The Federal Aviation Administration expanded last week’s warnings of flight delays at major airports due to furloughs of air traffic controllers, prompting a legal challenge from industry and pilots groups along with skepticism from Republicans in Congress who backed sequestration.
On Sunday, “there were approximately 400 delays in the system attributable to staffing reductions resulting from the furlough,” the FAA said in a statement Monday. “The FAA is implementing traffic management initiatives at airports and facilities around the country. Travelers can expect to see a wide range of delays that will change throughout the day depending on staffing and weather-related issues.”
Areas hardest hit, the FAA said, include New York City, Dallas-Fort Worth, Jacksonville and Los Angeles. “Controllers will space planes farther apart so they can manage traffic with current staff, which will lead to delays at airports including New York’s La Guardia Airport,” the statement added. “The FAA is working with the airlines throughout the day to try and minimize delays for travelers."
FAA’s website now features an interactive map
Meanwhile, the industry group Airlines for America on Friday took the legal step of filing a motion for a stay in the U.S. Court of Appeals for the District of Columbia, seeking a 30-day delay in the furloughs and legislation for a long-term preventative measure. President and CEO Nicholas Calio said the agency has greater flexibility to avoid the cuts than it acknowledges. “The math simply does not work, and it is irresponsible to suggest that a 10 percent reduction of air traffic control hours should mean 40 percent fewer flights can arrive on time,” Calio said. “It’s unjust, unnecessary and completely irresponsible.”
Other industry groups backed the suit, including the Air Line Pilots Association, International. “This is a unique situation,” said its president Capt. Lee Moak. “ Our entire aviation system will struggle to maintain normality due to furloughs of these essential workers. The economic viability of our country depends on this mode of transportation; everyone will be affected.”
The groups were joined by the Regional Airline Association, which said in a statement that “the impact on our industry sector, especially our 160 million annual passengers, cannot be overstated.” Regional airlines operate at least a quarter of the flights at each of the 14 airports FAA has identified for high operational delays, it said, “and at four of the eight most impacted airports, regionals fly more than one half the daily flights: Chicago O’Hare (64 percent), Minneapolis-St. Paul (54 percent), New York LaGuardia (52 percent) and Newark Liberty (51 percent).”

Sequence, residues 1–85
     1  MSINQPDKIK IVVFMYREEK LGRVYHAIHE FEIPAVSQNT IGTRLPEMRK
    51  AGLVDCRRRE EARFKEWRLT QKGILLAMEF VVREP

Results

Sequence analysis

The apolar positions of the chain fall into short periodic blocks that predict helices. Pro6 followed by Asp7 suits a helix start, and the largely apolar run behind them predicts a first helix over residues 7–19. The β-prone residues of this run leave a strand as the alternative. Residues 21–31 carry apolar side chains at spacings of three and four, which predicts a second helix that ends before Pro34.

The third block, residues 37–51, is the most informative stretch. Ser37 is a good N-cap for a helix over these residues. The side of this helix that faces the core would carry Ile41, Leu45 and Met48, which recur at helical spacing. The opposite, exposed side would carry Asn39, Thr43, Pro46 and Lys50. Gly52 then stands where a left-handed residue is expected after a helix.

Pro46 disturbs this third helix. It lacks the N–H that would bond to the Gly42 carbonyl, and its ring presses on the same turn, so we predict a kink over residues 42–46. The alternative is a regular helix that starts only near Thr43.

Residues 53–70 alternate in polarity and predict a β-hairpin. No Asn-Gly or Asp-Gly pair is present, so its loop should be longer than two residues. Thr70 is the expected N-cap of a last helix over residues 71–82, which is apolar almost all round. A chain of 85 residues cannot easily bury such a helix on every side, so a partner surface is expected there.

Airlines for America has set up a Web-based campaign (www.DontGroundAmerica.com), that asks airline customers, employees, families and friends to write to President Obama, Transportation Secretary Ray LaHood and FAA Administrator Michael Huerta to end the furloughs immediately.
One such letter was written on Friday by the Alexandria, Va.-based Global Business Travel Association, warning of lost jobs and cancelled business conferences. “GBTA clearly understands the requirements of sequestration,” wrote the group’s executive director Michael McCormick. “But we are very much alarmed by the list of airports and the expected delays. With Hartsfield-Jackson expected to see maximum delays of 210 minutes and Chicago O’Hare close behind, the impacted airports is a veritable hit list on the business travel industry. This policy will produce missed connections and widespread flight cancellations. If these disruptions unfold as predicted, business travelers will stay home, severely impacting not only the travel industry but the economy overall. It is just that simple."
On Capitol Hill, a top aide to House Speaker John Boehner, R-Ohio, sent out a Twitter item saying the FAA was making the furloughs as painful as possible. That charge was denied on Monday by White House Press Secretary Jay Carney.